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Longview water supply

Longview abandonded its old water plant on the Cowlitz River at Fishers Lane because volcanic silt had worn it out.

Equipment in Longview’s old water treatment plant on Fisher’s Lane will be dismantled and auctioned for scrap; then the building will be demolished and the site sold, the City Council decided Thursday.

City officials recommended salvaging and auctioning the working equipment before the old plant is razed.

“There is salvageable stuff, even if it is just metals for recycling,” Longview Public Works Director Jeff Cameron told the council.

Some of the equipment might also be valuable to other older, still operating water treatment plants, he said.

The estimated cost for demolishing the plant is about $2.7 million. The bare land is estimated to be worth $300,000. Cameron said it is unlikely that revenue from an equipment and metals auction would cover demolition costs.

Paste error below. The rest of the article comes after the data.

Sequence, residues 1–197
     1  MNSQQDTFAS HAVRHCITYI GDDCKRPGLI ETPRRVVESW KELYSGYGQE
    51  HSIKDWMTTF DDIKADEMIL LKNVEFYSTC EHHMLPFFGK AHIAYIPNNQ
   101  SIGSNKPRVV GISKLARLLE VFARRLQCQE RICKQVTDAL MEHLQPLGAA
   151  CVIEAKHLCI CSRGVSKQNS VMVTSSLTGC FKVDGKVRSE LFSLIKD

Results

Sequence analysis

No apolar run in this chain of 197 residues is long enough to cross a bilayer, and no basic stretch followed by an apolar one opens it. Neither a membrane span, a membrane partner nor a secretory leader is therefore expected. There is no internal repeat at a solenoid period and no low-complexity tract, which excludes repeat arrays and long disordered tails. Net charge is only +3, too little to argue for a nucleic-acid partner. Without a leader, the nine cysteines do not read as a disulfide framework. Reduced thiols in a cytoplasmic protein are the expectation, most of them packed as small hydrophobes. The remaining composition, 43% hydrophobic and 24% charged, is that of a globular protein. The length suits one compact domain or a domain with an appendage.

For decades, the plant drew water out of the Cowlitz River to supply the city with its drinking water. The city shut it down in 2013 when it switched its water supply to artesian wells bored at the Mint Farm Industrial Park.

Initial ideas for the site included turning it into a city park, community center, homeless shelter, animal shelter, library, storefront retail, multi-family housing or fish hatchery. Many of these options would involve special permits or zoning adjustments, Cameron said.

The Beacon Hill Water and Sewer District owns about 15 percent of the plant and will have a say in how to dispose of it.

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